This is an extract from the Discretionary Vs Mechanical Trading Strategies lesson in the ACTP online course.

The battleship that is the Forex market depends upon a steady stream of new traders climbing aboard, because for every shiny new Forex sailor who signs up for service, there’s one defeated and disillusioned soul looking to abandon ship, their confidence shattered and cynicism running high. They escape with heads bowed and tails between their legs, wondering what on earth had hit them? Despite trying virtually every strategy and indicator known to man, including those used by exceptionally profitable traders, they’d failed to make any headway. What went wrong?

The simple fact of course, is that their focus is often misplaced. Although there are many excellent trading strategies available from which to choose, there is no such thing as a perfect strategy, or ‘holy grail’ in trading. While most new traders believe strategies are the most important element to successful trading, in actual fact, trader psychology is the key determinant. Make no mistake, trading with a successfully tested strategy is important to overall profitability, but having confidence in the strategy is of greater importance, as is an ability to adhere to a well designed trading plan, and the tenacity to trade through losing periods. Trader psychology is therefore a key factor in determining an individual’s potential for success.

The Catch 22 in this concept is that new traders usually need proof of success before they can hope to be confident in a particular system (or themselves). For some, blind faith is enough for them to commit, but the moment an inevitable losing streak occurs, they take flight. Others are stoically analytical, fearful of every shadow cast by an indicator or the unknown. They second-guess signals, refuse to enter positions, or take profits too early, thereby missing out on the big paydays. It’s really no wonder that the Forex markets have such a high attrition rate!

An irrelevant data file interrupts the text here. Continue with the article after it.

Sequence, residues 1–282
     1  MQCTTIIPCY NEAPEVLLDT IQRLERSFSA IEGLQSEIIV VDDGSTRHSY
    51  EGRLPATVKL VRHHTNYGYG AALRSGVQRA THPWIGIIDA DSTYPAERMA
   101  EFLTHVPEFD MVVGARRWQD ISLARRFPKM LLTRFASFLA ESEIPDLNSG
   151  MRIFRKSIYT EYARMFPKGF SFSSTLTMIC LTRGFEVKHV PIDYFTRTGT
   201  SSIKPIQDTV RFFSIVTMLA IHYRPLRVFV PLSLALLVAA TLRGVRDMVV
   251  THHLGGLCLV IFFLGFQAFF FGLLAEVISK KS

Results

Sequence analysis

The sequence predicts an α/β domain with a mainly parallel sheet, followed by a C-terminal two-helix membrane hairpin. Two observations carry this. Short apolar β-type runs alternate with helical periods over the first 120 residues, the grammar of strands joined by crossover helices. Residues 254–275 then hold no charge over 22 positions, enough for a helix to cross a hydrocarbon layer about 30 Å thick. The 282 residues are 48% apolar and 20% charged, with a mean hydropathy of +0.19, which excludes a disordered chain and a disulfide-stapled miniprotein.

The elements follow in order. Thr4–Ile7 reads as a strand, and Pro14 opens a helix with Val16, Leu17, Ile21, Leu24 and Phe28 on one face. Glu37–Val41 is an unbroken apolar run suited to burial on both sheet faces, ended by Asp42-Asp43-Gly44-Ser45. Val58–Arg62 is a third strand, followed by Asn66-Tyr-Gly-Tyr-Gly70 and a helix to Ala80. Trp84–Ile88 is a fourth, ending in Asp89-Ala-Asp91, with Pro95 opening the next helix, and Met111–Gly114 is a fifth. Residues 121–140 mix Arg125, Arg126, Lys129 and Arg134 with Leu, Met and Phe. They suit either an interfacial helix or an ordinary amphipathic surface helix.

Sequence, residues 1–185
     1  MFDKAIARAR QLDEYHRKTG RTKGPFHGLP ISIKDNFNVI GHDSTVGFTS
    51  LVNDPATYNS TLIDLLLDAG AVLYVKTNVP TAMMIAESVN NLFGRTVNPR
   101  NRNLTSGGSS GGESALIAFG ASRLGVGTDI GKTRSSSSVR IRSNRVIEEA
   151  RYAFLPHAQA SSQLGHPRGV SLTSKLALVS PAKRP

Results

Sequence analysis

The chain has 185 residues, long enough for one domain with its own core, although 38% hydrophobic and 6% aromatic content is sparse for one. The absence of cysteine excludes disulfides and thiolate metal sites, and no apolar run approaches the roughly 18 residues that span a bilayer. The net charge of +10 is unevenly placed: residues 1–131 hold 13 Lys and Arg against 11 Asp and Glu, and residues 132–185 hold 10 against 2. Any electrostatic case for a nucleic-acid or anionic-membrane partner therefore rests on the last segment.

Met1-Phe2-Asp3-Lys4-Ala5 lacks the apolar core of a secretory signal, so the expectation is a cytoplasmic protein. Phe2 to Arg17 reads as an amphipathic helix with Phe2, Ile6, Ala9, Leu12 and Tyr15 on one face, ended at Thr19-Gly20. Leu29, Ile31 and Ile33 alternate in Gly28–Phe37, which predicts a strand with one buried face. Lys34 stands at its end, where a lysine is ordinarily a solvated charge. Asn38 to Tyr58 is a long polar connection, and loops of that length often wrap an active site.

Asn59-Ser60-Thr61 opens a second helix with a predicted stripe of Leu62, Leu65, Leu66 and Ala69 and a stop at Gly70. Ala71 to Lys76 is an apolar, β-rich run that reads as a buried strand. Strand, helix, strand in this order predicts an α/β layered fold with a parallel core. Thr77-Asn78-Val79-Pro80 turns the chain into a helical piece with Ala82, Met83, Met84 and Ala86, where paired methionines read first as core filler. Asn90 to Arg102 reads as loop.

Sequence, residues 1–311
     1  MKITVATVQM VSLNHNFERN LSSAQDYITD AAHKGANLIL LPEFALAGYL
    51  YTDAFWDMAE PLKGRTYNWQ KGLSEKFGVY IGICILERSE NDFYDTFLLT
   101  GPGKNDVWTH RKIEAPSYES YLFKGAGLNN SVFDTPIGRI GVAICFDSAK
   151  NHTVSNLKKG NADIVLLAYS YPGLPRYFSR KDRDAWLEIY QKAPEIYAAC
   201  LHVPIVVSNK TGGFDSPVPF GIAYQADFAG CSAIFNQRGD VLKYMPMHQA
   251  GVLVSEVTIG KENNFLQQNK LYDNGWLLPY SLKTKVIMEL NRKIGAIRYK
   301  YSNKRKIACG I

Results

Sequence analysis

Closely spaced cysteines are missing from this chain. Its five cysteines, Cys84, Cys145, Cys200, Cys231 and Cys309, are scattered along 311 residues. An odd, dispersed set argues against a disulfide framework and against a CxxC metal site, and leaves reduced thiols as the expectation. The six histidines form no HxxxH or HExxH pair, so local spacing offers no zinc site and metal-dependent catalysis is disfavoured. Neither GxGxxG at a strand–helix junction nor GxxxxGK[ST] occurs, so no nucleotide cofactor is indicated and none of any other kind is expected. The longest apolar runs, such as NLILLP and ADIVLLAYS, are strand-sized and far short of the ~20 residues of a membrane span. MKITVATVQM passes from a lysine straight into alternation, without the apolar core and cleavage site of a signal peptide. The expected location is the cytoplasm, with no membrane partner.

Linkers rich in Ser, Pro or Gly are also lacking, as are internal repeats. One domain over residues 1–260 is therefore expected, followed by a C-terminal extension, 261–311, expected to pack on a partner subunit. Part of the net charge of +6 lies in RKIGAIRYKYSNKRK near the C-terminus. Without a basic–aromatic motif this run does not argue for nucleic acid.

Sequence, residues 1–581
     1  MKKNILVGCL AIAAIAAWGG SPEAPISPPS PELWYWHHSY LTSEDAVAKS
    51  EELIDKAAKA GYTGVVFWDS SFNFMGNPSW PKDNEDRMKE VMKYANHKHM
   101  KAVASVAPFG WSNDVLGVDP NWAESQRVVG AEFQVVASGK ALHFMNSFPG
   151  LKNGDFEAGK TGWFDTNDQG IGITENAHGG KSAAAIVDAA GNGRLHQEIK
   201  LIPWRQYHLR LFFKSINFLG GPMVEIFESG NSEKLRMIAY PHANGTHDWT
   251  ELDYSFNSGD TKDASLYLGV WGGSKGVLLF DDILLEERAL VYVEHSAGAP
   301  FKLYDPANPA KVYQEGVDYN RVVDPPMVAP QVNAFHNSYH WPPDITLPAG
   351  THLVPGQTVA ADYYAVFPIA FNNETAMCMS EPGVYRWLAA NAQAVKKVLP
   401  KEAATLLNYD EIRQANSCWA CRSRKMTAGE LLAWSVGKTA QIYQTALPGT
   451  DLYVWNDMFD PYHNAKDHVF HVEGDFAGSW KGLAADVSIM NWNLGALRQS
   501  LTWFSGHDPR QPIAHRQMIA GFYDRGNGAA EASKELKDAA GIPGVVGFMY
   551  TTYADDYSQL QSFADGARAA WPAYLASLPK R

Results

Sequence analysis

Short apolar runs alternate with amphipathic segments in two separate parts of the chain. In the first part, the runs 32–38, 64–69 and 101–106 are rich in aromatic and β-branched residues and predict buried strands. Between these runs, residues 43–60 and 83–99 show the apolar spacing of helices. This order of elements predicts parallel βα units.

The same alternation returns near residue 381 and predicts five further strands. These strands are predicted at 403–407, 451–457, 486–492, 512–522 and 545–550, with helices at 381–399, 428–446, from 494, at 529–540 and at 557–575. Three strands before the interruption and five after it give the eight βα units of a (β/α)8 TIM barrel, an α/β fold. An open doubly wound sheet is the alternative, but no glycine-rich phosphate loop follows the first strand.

I’ve discussed earlier, the need for traders to choose a trading method that matches their personality and lifestyle commitments. For example, those who like to take their time making entry decisions should not be scalping five-minute charts. Conversely, traders who enjoy the excitement of making split-second decisions would be ill-advised to become swing or positions traders, because they would be very likely to lose focus and incentive. It’s horses for courses. But not only should traders be matching a specific time-frame to their trading personality, they should ensure the strategies they trade are in sync with their personality type as well. Some traders are more suited to mechanical, rule-based trading than others and it’s extremely important for new traders to understand this principle. It’s essential to choose a system or strategy that matches your personality in order to minimise stress and optimise confidence. With confidence comes consistency, and with consistency, comes profitability.

There are three basic types of trading strategies; fully mechanical, fully discretionary, and rules-based discretionary. Let’s analyse the make-up of each…

Purely Mechanical Trading

Purely mechanical, rules-based strategies (if traded correctly) have the advantage of being able to minimise emotional trading by providing strict entry (and often, exit) criteria. Algorithmic trading robots fall into this category, and many people believe that by allowing a computer program to make all trading decisions, human-based errors will effectively be eliminated.

Pros:

  • Mechanical strategies objectify the trading method and will therefore eliminate errors (with the exception of making the mistake of manually overriding the system).
  • Mechanical trading allows for precise back and forward testing.
  • Mechanical trading is accurate. The system either wins or loses – there is no ambiguity.